Making Older Homes Efficient: Going Solar from Start to Finish

It is a common misconception that historical buildings are not energy efficient or sustainable. In fact, as our knowledge of building construction impacts grows, we continuously see that it is almost always more sustainable to reuse an existing building rather than demolish and build new. The idea of sustainability is an inherent principle of historic preservation. Yet, as technology changes and new ideas about energy efficiencies develop, many owners of historic buildings struggle with what new technologies may or may not be beneficial for their home or property. While historical buildings are sustainable, there are still many measures one can take to lower their energy consumption and increase the efficiency of their building.

In NPF’s recent work with our clients in potential historic neighborhoods, many homeowners have often expressed their concerns with making their homes more energy efficient. One of the most common questions we have received is regarding whether or not solar panels can be installed on homes in historic districts. The short answer to that question is yes. However, it is encouraged that solar installations within historic districts be applied so as not to jeopardize the historical character of the home. The answer to the question of solar power is not as easy as a simple yes or no, but often requires an individual analysis of the property, its siting and its historical characteristics in order to determine the best solution for installing solar panels.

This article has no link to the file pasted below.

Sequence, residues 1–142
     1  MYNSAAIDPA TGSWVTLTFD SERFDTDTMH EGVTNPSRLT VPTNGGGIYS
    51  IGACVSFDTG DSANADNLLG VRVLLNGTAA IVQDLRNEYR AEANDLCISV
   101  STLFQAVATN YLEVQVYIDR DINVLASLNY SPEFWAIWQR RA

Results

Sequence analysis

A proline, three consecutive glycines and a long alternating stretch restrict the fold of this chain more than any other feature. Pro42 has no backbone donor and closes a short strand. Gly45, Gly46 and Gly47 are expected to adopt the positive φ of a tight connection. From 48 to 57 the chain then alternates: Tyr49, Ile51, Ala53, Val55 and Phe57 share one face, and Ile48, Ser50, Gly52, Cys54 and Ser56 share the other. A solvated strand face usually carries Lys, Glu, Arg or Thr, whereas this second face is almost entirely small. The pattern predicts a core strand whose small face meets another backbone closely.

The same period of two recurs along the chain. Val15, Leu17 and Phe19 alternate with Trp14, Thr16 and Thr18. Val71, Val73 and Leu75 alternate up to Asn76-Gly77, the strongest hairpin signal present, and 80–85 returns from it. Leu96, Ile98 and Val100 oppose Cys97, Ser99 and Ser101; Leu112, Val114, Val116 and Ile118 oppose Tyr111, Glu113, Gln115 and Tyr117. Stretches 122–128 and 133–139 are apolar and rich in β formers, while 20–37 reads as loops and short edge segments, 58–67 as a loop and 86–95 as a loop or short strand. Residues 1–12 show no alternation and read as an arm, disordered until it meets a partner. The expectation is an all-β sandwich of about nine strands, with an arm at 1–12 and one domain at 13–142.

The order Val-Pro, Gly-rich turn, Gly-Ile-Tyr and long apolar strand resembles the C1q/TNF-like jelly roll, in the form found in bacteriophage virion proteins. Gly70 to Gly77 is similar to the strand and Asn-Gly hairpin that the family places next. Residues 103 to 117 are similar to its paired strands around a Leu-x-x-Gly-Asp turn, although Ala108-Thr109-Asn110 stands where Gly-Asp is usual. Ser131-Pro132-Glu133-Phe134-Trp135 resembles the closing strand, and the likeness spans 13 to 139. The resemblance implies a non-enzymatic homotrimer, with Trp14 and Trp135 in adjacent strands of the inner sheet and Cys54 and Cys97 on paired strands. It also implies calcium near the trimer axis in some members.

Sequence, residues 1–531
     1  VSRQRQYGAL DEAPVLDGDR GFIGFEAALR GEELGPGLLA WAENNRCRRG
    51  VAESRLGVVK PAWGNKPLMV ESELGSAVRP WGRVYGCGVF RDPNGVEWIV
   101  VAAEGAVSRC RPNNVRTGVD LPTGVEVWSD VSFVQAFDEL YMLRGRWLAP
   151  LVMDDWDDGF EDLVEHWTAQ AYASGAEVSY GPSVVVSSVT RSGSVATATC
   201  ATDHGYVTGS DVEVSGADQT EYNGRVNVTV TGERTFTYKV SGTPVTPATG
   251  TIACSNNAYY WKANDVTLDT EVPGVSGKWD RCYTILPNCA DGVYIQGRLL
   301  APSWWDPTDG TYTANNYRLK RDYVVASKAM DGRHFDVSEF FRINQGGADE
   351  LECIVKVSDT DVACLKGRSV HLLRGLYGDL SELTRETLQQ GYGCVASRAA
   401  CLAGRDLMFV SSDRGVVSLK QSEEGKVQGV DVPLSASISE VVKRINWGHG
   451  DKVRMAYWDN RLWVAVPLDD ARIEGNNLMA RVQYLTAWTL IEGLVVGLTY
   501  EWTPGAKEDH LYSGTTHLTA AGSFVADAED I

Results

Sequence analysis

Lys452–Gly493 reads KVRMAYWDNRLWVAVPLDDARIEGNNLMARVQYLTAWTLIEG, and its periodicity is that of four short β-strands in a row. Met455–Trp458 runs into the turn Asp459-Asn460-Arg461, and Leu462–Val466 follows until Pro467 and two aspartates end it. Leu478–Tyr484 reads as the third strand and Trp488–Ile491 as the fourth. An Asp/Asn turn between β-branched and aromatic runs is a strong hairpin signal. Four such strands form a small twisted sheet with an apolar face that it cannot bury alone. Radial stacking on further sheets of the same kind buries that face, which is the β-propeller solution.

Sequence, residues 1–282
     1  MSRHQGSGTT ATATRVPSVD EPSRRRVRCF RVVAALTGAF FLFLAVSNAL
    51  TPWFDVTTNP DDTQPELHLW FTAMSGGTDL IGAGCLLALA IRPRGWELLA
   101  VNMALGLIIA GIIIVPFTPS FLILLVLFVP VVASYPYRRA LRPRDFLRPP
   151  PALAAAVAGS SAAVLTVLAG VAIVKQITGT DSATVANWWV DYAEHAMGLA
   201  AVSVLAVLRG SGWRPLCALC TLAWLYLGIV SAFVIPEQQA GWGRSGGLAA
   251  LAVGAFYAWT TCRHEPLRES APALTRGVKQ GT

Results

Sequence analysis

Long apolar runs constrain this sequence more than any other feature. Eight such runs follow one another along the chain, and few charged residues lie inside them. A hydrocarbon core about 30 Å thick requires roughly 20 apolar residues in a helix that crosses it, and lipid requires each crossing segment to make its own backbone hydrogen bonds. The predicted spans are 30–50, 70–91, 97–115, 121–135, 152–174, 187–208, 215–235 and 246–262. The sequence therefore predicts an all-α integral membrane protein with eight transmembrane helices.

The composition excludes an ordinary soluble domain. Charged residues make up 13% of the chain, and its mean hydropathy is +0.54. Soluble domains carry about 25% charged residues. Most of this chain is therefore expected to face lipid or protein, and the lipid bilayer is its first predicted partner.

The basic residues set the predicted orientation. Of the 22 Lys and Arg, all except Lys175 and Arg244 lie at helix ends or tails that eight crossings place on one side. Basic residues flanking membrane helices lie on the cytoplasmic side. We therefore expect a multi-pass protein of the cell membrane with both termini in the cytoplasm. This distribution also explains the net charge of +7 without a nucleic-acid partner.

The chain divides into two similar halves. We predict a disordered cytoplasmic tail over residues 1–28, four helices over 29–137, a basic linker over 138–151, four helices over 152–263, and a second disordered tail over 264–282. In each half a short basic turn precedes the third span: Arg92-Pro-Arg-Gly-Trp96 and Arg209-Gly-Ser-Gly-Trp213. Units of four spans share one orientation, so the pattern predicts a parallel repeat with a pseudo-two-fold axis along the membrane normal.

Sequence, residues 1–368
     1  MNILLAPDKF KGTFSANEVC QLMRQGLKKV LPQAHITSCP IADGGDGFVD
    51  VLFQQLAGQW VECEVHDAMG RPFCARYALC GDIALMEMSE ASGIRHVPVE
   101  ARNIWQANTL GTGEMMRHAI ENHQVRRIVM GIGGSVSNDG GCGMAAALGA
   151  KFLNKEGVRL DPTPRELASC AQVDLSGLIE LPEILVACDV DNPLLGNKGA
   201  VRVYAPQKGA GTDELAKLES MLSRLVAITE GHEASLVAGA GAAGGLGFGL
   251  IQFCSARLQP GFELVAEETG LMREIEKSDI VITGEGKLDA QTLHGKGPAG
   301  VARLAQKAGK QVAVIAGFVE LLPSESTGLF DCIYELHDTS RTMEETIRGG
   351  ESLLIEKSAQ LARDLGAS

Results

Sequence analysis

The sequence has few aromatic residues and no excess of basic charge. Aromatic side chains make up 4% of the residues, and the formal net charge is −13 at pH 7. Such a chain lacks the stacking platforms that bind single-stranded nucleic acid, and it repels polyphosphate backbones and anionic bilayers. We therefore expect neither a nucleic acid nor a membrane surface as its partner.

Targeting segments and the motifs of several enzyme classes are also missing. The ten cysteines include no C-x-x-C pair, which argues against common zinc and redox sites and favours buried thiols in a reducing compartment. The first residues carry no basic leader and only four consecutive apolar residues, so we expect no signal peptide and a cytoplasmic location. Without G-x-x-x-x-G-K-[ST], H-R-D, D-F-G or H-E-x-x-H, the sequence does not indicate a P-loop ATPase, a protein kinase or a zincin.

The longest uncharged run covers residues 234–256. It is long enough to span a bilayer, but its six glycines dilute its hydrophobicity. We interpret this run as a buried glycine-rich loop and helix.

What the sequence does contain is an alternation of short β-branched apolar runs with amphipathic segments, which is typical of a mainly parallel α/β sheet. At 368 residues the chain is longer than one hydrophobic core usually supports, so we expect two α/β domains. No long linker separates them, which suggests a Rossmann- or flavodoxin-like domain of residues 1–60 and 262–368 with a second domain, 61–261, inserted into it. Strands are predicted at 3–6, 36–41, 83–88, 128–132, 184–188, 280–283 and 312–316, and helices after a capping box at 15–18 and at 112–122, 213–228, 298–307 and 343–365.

Because this question is often difficult to answer at the surface level, NPF has put together a panel of experts to help homeowners in historic and potential historic districts understand the logistics and guidelines of installing solar panels on older homes. Going Solar from Start to Finish is a free panel discussion with experts in both energy and historic preservation. The panel discussion will include representatives from the Department of Energy, the Las Vegas Historic Preservation Office, the State Historic Preservation Office, and NV Energy and will be moderated by NPF board member Chris Brooks, who has an extensive background in renewable energy services.

Join NPF Monday February 8, 5:30 – 7:30 for this incredible opportunity to learn about solar installation on historic and older homes! Register here.

In addition to the panel discussion, there will be solar resources tables and a small reception with at 5:30. The panel discussion will be starting around 6:00. The presentations and a moderated discussion will be followed by audience Q&A. Come with your questions for our panel!

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